#1
When you play/learn a song, I get confused with the length of notes. Say if it says hold it for 2 beats it would be double 1 beat etc but how would you know how long a single beat is? Do you like tpa pyour foot a long, or what?

Someone clarify this, I'm confused...
#2
The length of a crotchet (single note) is dependent on the tempo of the piece. Thats basicaaly how the fast the piece is played, there is no set length for a crotchet. and ll other lengths of notes depend on the length of the crotchet. To get the timing you tap your foot, and say if the piece is in 4/4 then one tap of the foot will relate directly to one crotchet. It gets more complicated with different time signatures
Quote by boreamor
Ah very good point. Charlie__flynn, you've out smarted me


People
should
smile
more



crit4crit on 'acoustic 1 (with piano)' here



Rate my playing skills please.
#3
tapping your foot helps when your first learning a song or a good ol' metronome
once you get the rhythm down it kinda just comes naturally, at least for me it does

edit: tempo determines the length of the beat, i usually listen to the song to determine tempo
Warning: The above post may contain lethal levels of radiation, sharp objects and sexiness.
Proceed with extreme caution!
Last edited by justinb904 at Feb 8, 2009,
#4
Timing is this simple: You have twos and threes. All time signatures derive from this.

4/4 is a multiple of 2's.

There is the beat itself, where you count by saying a number allowed "One, Two, Three, Four, One..."

And there is the off-beat, which is an "and"

A string of eighth notes will be counted "One and Two and Three and Four"

This translates into guitar through your picking. Down picked notes are the beats themselves, up picks are the "ands"

A Measure is divided up into eight pieces of equal length: four beats and four "ands"

If you're nodding your head, it nods forward on the beats and backwards on the ands.

If you're tapping your foot it strikes the ground on the beat and assumes the full upward position on the ands.

Hand, foot, head, whatever the body part involved there is a cycle of motion with a defined strike and a recoil.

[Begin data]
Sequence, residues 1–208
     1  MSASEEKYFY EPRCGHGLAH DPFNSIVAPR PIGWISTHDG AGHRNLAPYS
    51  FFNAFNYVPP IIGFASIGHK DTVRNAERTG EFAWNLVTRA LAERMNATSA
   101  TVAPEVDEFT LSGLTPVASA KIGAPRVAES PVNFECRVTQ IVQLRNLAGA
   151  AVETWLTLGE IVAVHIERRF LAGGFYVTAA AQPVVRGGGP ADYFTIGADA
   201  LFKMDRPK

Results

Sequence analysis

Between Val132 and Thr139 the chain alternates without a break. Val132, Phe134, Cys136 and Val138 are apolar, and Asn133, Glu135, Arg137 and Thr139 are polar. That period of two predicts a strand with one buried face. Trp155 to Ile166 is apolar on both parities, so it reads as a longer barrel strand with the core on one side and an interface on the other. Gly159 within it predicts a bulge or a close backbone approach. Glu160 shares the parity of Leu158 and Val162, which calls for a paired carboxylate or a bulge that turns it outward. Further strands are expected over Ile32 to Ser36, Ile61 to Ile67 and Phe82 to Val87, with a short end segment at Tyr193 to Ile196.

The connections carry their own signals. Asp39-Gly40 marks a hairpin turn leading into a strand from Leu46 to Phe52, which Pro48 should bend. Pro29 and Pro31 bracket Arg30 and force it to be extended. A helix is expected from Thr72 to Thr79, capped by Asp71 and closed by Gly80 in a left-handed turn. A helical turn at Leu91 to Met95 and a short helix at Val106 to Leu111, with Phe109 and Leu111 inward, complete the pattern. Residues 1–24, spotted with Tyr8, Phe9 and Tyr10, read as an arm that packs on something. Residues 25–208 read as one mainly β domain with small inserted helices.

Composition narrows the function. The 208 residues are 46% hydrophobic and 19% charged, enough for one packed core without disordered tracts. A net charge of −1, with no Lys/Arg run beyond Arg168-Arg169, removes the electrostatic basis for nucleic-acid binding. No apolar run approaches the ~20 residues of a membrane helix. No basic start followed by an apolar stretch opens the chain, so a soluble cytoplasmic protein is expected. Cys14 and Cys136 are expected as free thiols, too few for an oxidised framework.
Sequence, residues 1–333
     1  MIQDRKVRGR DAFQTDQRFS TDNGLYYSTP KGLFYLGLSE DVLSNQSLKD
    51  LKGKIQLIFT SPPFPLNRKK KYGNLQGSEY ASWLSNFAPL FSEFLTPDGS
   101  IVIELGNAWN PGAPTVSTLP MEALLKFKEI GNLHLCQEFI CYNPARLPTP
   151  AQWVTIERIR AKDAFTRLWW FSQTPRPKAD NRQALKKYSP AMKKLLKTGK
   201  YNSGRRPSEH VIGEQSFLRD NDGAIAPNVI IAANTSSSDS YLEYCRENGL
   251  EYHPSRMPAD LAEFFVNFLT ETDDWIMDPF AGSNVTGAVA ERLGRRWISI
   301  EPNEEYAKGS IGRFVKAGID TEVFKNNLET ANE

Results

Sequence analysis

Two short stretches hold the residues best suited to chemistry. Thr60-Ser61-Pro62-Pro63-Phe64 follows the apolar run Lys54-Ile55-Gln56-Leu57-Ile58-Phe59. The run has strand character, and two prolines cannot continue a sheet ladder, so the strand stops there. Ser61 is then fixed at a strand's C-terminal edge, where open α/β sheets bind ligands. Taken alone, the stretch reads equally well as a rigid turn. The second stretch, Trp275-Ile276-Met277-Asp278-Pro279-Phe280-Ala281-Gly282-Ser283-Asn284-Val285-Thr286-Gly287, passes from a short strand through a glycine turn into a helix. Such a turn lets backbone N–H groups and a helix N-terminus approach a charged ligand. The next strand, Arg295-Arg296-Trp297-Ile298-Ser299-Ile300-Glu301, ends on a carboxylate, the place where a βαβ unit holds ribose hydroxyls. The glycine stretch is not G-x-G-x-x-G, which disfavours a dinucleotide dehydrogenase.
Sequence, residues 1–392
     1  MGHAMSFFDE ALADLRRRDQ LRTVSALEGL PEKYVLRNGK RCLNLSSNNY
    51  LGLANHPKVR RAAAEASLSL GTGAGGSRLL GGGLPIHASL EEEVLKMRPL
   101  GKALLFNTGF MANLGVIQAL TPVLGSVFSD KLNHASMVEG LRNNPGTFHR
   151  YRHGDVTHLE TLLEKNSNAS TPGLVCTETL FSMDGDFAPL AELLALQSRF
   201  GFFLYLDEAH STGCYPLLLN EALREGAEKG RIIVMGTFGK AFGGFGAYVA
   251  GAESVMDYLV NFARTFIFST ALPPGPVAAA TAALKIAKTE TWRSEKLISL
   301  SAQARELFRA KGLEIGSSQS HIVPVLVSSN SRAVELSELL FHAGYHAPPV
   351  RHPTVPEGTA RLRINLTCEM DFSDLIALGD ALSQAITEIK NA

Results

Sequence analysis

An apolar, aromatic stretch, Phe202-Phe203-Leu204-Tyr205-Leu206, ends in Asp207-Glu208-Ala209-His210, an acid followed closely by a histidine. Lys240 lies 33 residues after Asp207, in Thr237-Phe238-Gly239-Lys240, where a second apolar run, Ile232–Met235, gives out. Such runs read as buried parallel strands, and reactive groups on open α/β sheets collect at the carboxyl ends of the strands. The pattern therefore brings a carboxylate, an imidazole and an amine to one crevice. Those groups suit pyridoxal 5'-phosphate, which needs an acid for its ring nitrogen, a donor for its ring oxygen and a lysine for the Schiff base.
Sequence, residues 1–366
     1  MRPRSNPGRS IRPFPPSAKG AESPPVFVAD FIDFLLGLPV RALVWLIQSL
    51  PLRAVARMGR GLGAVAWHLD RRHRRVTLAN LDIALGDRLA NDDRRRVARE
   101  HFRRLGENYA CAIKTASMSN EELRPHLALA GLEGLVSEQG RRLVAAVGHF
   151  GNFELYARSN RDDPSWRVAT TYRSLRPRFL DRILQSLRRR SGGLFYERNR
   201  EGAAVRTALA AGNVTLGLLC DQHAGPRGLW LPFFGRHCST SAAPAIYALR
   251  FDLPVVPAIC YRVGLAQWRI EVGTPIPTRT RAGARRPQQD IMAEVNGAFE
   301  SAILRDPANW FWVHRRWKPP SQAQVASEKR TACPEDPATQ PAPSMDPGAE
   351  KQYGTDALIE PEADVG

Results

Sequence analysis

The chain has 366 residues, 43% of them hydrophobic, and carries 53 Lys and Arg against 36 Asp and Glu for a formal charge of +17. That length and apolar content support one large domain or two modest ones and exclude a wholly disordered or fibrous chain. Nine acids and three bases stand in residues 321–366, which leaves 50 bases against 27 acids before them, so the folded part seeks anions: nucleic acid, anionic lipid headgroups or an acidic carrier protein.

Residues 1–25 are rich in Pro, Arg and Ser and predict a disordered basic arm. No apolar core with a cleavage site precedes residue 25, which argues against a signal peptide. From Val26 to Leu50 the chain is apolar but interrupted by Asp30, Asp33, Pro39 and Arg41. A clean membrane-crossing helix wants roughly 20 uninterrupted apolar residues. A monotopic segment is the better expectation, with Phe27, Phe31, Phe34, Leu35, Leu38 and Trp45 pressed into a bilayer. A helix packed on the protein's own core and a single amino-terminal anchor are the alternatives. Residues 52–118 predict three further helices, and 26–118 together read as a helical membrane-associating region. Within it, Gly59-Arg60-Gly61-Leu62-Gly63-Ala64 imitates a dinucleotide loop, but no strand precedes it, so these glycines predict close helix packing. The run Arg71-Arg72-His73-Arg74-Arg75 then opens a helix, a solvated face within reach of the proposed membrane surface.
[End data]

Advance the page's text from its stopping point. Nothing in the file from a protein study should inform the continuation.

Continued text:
Don't get lost in the off beats. If you just count the beats, or tap your foot "One Two Three Four", there is a natural off beat as you prepare to make the next beat.

Swinging a hammer is the same: down, up, down, up, down, up, and your beats are the number of times you hit the nail.

Threes can be confusing, but don't have to be. All three time is is breaking the beat cycle into three parts instead of two. We count three time like this: "Tri-pull-it, Tri-pull-it" for Triplets or "One Two Three One Two Three" if your time signature is a 3/4 or 3/8.

Triplets are three-counts within a two-time (2/4 or 4/4) measure.

"One and Two and Tri-pull-it Four and"

The three beat has been replaced by the "Tri-pull-it"

Despite these complexities you can still nod your head along to the beats, or tap your foot.

A great example of simple time over a complex beat is the ending section of Metallica's "One"

The guitar play a fast rhythm that may sound like extremely fast time, but it's really not. The measure is just broken up into small pieces.

James' vocals reveal the true tempo: "Darkness, Imprisoning me, All that I see, Absolute horror"

Although he does not hit every beat, that is the pace, or the tempo of the piece.

Every piece has a tempo or pace that is usually much simpler than it sounds. Even jazz can be broken down into twos and threes, and in fact this is basically how drummers and bass players count it out. The complex rhythms of jazz are known as syncopation, but the tempo is not affected. Syncopation is emphasizing different parts of the measure.

"One and two And three And Four"

Sounds and looks complicated, but regardless of this you have not changed anything. A metronome can be set to the tempo and click away perfectly.

You have to practice and train your ear to pick it up. It's not hard but it takes practice.
"Virtually no one who is taught Relativity continues to read the Bible."

#5
I can see that it could be kind of confusing, because there are basically two aspects of a notes duration. One is relative to the beat. So if someone says a quarter note, this is a quarter of the length of a bar in 4/4 time (4 beats per bar), or the same as one beat or foot tap. Or an eighth note = 1/8th of a bar in 4/4 = 1/2 a beat. So none of this tells you really how long in seconds the notes are, just their length relative to the beat.
How fast the beat itself is is the tempo of the song, and with the combo of that and the relative durations of the notes, you know how long the notes are in actual time.

In practice, you rarely think about it like that. You just have the beat at a certain speed, and then play relative to that.

Hope that made sense.